Recently, I’ve seen a few posts on social media that play with the tired horror trope of “came back different.” The main idea is that someone disappears, dies, or can’t be reached in some other way. Everyone is happy when they come back, but it becomes clear over time that something is… off about them. Either they’re not who they say they are or the experience has changed them. Either way, the relief of getting better turns into horror and confusion, playing on the fear that something familiar will turn out to be the “other.” This idea is taken to a new level in The Summer Hikaru Died: what if they came back changed, and you knew what was going on, but you chose to let the fake go on as if nothing had happened? What if having a copy of someone you love is better than not having them at all?
What Yoshiki is going through in the first few pages is exactly that. He finds out that his close friend Hikaru is not really Hikaru. He calls himself a “ghoulie” and says he took on Hikaru’s form after finding him dead in the forest. He has all of his host’s memories and also seems to have become like him. Yoshiki quickly accepts the person who is copying his friend because they look a lot alike. No matter how much Yoshiki treats him like Hikaru, though, other people will still find out there’s a monster among them.
The way the story mixes Yoshiki’s unusual reaction with common horror tropes is very clever. The neighborhood cat, who is usually calm, gets scared and angry when not-Hikaru tries to pet him, and an old woman calls him out for what he is. In taking this creature, is Yoshiki bringing something into the village that will hurt them, either through active evil or just by being there? This is a different kind of psychological horror than usual. The unstable look in Yoshiki’s eyes as he looks at the thing in the body of his old friend shows how he is constantly torn between being scared and calmed by pseudo-Hikaru.
Yoshiki’s troubled feelings were compounded by his feelings for Hikaru and the fact that this thing was willing to answer his questions when the real version seemed to have no idea what to do. Calling The Summer Hikaru Died a boys’ love story doesn’t seem quite right, especially since the romance has been kept to background so far, though it’s almost there. However, Yoshiki is clearly attracted to Hikaru. As an example, Yoshiki’s defensive response every time Hikaru brought up girls is a subtle portrayal. At other times, it’s as clear as a bright sign that says, “THIS IS A METAPHOR FOR SEXUAL EXPERIMENTATION.” Because Yoshiki’s feelings are at the heart, he is placed right next to the unuki as a “other,” which makes them similar. This being the source of Yoshiki’s inner conflict instead of the threat from the outside avoids the common problem of queerness being linked to monsters in horror stories, even those that try to be sympathetic. Instead, it strengthens the metaphor at the heart of the story.
As a character, Yoshiki doesn’t add much beyond being a way for the audience to feel quiet fear and for him to fit into the main metaphor. On the other hand, I was interested in the unuki that looked like Hikaru. Hikaru was the more outgoing and active of the two main characters, and the thing that has taken his body and memories has also taken on a lot of his personality. It is outgoing, silly, happy, and fits his name, which means “light.” His being different makes him both scary and easy to attack. For the first time, he really feels things for himself, even though he remembers Hikaru doing these things. This makes him cry when food tastes good or when a drama movie story is told. He wants Yoshiki’s love because he is so lonely.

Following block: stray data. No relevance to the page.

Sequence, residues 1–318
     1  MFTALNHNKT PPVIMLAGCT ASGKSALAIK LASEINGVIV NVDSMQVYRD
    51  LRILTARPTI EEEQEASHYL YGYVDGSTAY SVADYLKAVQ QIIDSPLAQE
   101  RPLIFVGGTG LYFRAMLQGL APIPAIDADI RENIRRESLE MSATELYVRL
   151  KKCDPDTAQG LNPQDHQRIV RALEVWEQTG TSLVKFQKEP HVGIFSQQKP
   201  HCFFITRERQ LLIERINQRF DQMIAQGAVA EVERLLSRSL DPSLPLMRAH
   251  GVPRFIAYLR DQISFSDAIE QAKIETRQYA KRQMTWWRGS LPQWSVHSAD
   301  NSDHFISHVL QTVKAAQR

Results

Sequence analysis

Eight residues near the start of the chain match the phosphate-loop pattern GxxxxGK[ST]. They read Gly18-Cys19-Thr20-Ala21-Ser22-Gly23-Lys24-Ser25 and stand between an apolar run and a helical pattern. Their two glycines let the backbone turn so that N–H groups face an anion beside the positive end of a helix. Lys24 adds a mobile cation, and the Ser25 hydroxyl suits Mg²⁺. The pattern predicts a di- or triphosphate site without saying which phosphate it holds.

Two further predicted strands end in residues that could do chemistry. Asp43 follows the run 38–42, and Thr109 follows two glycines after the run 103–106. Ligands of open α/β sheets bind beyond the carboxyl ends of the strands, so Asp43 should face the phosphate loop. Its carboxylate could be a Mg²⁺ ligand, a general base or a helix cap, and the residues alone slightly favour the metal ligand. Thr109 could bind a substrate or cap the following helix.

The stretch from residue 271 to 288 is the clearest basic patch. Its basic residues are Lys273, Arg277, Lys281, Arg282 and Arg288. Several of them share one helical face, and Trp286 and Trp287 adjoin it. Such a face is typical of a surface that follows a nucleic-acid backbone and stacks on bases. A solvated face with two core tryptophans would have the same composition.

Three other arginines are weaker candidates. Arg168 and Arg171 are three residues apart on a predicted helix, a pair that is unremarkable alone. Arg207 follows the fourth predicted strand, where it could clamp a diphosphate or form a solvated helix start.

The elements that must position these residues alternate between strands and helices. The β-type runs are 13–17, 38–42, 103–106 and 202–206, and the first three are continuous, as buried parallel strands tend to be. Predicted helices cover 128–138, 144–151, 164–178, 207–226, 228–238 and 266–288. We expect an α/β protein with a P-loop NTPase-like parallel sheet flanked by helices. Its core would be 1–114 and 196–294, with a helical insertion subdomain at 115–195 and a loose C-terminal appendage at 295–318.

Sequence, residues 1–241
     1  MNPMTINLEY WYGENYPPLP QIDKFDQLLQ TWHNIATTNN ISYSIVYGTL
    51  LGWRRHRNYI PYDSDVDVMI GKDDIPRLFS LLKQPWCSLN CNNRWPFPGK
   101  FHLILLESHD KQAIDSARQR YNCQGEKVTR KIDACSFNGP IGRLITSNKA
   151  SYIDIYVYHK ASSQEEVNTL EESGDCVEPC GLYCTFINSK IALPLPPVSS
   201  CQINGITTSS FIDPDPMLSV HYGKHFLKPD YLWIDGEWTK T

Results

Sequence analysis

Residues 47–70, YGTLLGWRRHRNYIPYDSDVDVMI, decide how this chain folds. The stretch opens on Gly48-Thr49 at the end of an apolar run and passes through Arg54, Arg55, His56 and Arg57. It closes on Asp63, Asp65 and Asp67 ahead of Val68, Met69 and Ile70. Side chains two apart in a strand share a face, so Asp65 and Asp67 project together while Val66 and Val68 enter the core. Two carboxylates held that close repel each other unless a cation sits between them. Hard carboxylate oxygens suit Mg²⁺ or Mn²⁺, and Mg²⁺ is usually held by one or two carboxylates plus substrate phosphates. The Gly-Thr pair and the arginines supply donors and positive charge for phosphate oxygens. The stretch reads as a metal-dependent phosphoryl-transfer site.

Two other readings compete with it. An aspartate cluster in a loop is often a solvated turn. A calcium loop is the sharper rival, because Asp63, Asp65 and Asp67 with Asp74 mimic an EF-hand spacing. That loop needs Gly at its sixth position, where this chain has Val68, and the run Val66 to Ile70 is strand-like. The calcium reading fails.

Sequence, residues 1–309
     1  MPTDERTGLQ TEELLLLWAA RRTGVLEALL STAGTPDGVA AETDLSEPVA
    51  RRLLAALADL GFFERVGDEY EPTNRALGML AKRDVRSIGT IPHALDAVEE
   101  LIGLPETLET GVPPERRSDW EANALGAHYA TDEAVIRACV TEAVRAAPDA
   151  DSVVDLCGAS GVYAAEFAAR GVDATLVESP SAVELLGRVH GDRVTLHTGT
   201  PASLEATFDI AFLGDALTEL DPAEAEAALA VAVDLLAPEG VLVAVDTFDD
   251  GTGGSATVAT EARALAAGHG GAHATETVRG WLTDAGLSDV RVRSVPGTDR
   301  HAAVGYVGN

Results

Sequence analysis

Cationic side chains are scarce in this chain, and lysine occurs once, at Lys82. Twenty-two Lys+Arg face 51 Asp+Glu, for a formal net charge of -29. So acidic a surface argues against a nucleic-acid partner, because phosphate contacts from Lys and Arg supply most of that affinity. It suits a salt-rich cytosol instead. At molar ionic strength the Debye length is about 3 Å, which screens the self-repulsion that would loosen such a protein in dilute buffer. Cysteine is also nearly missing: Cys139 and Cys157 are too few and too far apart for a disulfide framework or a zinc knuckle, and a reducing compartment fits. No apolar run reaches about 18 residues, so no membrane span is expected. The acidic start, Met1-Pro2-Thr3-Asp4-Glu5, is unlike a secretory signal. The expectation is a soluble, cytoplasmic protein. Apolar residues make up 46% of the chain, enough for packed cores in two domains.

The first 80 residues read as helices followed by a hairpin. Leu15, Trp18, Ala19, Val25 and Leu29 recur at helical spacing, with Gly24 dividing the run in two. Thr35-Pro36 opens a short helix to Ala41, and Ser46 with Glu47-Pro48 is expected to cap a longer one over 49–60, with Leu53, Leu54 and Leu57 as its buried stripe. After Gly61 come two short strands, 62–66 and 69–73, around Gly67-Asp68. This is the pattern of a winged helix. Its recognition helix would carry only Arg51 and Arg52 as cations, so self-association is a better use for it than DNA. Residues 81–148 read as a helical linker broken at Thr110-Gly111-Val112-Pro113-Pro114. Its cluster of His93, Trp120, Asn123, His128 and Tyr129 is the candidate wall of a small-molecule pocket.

I feel like I’ve spent most of the review just talking about The Summer Hikaru Died’s story and characters without giving my own opinion. But that’s because I think the story’s worth is clear from what I’ve said. It’s very well done how it breaks the rules of both the horror and BL genres, finding the things that they have in common and using them to make a story where longing, loneliness, and being open to being hurt add to the growing dread. We know right away that something is wrong, which makes us ask, “Can we live with this? How?” instead of questioning reality or the story’s events or being scared by Hikaru’s strange personality.
Mokumokuren, an artist, uses some of the same methods as well-known horror manga artists like Junji Ito, but she also has her own style. The artwork is mostly made with pen and ink, and the coloring is mostly done with cross-hatching. This makes the solid black shadows that pop up every once in a while stand out even more. The art is mostly a game of contrasts: the bright summer sun casts deep shadows; the unuki’s grin as Hikaru and his light, curly hair contrast with Yoshiki’s perpetually tired face, half-covered by his straight, dark bangs; strange events are shown directly, but familiar rooms are distorted by a fish-eye lens; even the onomatopoeia form contrasts by putting blocky English text next to more standard Japanese text. The strange becomes familiar and close through art, while the everyday becomes strange and upsetting. All of that can fall apart in an instant, though, if you get too close. The strangeness of the closeness turns into psychedelic chaos, which shows how scary and random it can be even when you try to accept it.
By no means is The Summer Hikaru Died the only horror show that puts more emphasis on making people feel uncomfortable and leaving them out of the loop than on scares and blood. Of course, it’s not unique in having queer themes. But the way it looks at the characters’ feelings and feelings of being alone through the lens of body theft makes it stand out.